Maisy listened intently to him again.
“Go home?” she thought, letting the words circle around in her brain. She knew these words. She new where ‘home’ was. She knew what ‘go’ meant. “Go home.” She understood this. Even though Maisy was not the sharpest knife in the drawer, she was obedient. So, she went home.
An hour later, Maisy sat on the back porch of the farmhouse and looked out across the field waiting for her friend Timmy to emerge and praise her for being so good.
She had gone home.
NOTE: I’ve suspended the mailing list thing where it’s send out emails when I updated this blog. I’ve been posting to it with more frequency and figured the emails may get a tad annoying. If you enjoyed the emails, let me know in the comments below and I’ll reactivate it. Also, thanks, as always, for the comments. You guys are great.
Note on this piece: One of my WIP is a story focused on a group of super villains. Today, while pondering what to write, I figured I’d write a short story of one of them, The Blinding Skull. Who knows, this may wind up in the finished thing or just be a fun “extra.” Enjoy!
By Grant Baciocco
No one realizes this, no one ever even thinks about it, but when you’re a superhero and you’re flying at super sonic speeds, it is really hard on your eyes. Think about it, the wind is whipping against your eyeballs at 786 miles per hour. That is rough on the eyeballs no matter who you are. It makes it hard to see where you are going and it dries out the eyes incredibly fast. Again, no one ever thinks about this kind of stuff, but The Blinding Skull did.
He had been sitting around pondering on how exactly he could make a name for himself in the super villain game by taking out Suprema, the most powerful hero in Daily City, when it had hit him. He was examining every scrap of paper he could find on Earth’s Mightiest Woman and it was a packing list that he’d procured from the inept doorman at the Tower of Good that gave him his first clue. The packing list, addressed to Suprema, read simply:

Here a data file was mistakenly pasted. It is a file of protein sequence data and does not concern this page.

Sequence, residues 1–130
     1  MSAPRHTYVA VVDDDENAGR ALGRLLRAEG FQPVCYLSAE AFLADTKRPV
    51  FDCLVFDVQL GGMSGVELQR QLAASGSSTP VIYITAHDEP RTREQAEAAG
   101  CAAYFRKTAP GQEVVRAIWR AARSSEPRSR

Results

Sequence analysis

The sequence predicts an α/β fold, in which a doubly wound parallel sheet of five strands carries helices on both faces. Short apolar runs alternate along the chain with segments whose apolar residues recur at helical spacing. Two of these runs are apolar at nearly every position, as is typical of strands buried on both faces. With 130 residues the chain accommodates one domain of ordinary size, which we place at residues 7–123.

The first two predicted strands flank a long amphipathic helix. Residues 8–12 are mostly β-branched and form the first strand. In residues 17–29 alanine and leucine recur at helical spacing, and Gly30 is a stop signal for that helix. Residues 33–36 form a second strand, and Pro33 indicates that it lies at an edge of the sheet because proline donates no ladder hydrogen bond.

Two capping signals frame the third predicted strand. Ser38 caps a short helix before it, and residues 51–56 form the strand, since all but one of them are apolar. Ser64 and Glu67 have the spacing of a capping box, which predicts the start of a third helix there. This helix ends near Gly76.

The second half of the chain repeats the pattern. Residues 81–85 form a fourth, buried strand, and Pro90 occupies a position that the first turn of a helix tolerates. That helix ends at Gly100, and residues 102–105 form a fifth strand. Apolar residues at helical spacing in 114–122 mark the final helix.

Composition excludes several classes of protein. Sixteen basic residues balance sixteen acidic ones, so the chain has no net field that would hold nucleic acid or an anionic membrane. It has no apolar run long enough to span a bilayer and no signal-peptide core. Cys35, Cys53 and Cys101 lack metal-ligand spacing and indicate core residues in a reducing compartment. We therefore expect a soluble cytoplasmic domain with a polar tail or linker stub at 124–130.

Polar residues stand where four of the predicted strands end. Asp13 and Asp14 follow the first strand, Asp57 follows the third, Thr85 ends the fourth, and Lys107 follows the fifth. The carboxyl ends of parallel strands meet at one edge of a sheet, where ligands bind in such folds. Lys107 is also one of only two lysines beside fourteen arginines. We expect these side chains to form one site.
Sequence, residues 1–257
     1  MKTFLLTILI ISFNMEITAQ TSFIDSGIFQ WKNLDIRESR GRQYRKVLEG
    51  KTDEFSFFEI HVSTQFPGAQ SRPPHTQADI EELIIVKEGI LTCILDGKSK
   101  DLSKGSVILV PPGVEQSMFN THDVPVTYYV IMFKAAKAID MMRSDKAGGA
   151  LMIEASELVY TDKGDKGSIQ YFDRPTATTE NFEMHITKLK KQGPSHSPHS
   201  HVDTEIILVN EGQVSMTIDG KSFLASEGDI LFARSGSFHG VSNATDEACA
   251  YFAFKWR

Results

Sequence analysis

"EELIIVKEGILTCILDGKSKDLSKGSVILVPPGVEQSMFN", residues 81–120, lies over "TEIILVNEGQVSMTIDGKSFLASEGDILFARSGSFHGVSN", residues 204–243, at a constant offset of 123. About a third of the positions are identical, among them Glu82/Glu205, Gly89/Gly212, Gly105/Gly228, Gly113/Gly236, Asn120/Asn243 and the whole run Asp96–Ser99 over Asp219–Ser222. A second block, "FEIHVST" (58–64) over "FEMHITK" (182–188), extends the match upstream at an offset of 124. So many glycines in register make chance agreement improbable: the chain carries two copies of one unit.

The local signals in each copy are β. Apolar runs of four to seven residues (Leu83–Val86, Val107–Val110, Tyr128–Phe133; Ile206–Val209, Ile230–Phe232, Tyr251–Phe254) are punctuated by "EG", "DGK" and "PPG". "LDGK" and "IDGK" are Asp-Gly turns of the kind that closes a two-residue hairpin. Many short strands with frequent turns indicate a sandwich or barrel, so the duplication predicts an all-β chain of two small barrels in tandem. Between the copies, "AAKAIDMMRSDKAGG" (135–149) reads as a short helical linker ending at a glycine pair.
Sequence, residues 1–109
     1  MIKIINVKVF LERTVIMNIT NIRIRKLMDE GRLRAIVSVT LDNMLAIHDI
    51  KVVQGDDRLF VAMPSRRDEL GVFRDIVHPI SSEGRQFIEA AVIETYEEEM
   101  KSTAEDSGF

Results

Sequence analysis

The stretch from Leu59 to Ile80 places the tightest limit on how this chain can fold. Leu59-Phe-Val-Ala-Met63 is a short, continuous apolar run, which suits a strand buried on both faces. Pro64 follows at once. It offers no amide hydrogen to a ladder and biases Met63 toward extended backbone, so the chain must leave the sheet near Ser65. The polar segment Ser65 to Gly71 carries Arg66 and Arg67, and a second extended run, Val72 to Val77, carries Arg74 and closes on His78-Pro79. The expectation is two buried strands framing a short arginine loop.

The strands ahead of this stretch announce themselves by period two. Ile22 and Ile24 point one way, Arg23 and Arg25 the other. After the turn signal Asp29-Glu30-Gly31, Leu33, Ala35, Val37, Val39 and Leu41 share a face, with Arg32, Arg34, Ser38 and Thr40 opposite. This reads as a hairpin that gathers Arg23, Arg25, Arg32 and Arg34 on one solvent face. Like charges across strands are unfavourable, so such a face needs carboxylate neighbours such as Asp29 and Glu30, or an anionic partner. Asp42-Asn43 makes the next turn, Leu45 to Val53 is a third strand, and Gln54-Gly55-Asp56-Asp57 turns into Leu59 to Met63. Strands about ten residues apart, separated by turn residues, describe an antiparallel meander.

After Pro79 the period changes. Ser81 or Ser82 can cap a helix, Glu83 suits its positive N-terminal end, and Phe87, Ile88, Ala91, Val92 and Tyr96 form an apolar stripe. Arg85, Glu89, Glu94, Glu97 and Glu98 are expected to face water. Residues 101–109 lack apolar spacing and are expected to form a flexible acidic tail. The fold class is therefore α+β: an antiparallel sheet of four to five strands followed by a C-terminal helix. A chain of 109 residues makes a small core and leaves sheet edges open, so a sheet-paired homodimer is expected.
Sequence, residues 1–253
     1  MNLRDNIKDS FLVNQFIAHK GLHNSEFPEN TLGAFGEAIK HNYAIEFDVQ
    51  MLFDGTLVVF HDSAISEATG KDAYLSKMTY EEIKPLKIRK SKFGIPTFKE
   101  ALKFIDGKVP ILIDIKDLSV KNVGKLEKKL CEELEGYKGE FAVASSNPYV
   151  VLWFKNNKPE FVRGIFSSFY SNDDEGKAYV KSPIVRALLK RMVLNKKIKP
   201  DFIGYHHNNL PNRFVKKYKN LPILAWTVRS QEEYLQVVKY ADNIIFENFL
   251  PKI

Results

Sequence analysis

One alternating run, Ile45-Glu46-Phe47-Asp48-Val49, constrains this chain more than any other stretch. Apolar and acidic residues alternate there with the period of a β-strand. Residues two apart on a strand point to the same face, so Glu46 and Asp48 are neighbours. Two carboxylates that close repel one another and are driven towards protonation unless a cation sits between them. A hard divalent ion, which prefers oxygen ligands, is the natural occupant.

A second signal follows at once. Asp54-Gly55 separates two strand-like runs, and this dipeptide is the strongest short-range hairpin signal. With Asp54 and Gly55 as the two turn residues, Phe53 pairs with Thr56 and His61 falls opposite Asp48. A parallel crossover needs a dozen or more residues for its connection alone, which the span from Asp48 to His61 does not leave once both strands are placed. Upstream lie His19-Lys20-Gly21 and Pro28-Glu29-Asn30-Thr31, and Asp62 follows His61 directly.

- EyeClear Eye Drops – 2,000 bottles
“What on Earth could she need 2,000 bottles of eye drops for?” He asked himself aloud. His skull glowing a bit brighter as he thought it out. “Perhaps that windbag Santa Ana had escaped from prison again. His hot wind power would certainly dry out one’s eyes.”
A quick search of The Impound’s prisoner manifest revealed that Santa Ana was still locked deep inside from the last time The Mighty Ranch Hand had captured him. So if that wasn’t the answer why, again, did she need 2,000 bottles of eye drops? He made a list…
- Allergies? – Suprema has no known allergies.
- Contacts? – Suprema is ‘the perfect human’ bad eyesight would make her less than perfect.
- Dry eyes due to crying? – Suprema is Earth’s Mightiest Woman? What could she be sad about? Heartbreak?
- Dry eyes due to ???
He was coming up empty until he looked over her stats on her Wikipedia Page. It read that Suprema was capable of ‘supersonic flight.’ She uses the drops because her eyes get dried out at the end of every supersonic flight!
His Skull grew incredibly bright now as his synapses began firing at full velocity. He sensed a possible chink in Suprema’s armor! Suprema’s only know weakness was a mineral called Red-Barrel. A gem so rare there were only two known pieces of it in the known world. Bother were in a lead lined safe in the Tower of Good. But there was a third. A third small piece was unknown to the world. It belonged to The Blinding Skull. It wasn’t enough to hold up in front of Suprema and make her lose her powers, but it was small enough to be ground down.
“Suprema needs eye drops because of her supersonic flight! If I ground down this Red-Barrel and slip into into eye drops and Suprema uses them, I’ll have defeated her for good!” The Blinding Skull cackled with delight and rushed to the elevator to his lab.
The hours ticked by, as did the days, as The Blinding Skull worked. Grinding, refining, pounding the piece of Red-Barrel into a size small enough to slip, unnoticed into a bottle of eye drops. Finally he was ready. He had an amount a he knew would do irreparable harm to Suprema the moment she placed a single drop into her eye.
He was still as he opened the eye dropper bottle and placed it near the small pile of fine Red-Barrel. He slowly, carefully, delicately, pick up the small piece of filter paper the Red-Barrel grounds were on. He slowly, carefully, delicately moved the paper towards the mouth of the bottle careful to not loose a single grain to the wind of movement.
Then, he sneezed.
He thought nothing of his sneeze until his nose was clear and he looked back at the now empty piece of filter paper in his right hand.
Then, he cried.
The Characters of The Blinding Skull, Santa Ana, The Mighty Ranch Hand & Suprema are ©Grant Baciocco/Saturday Morning Media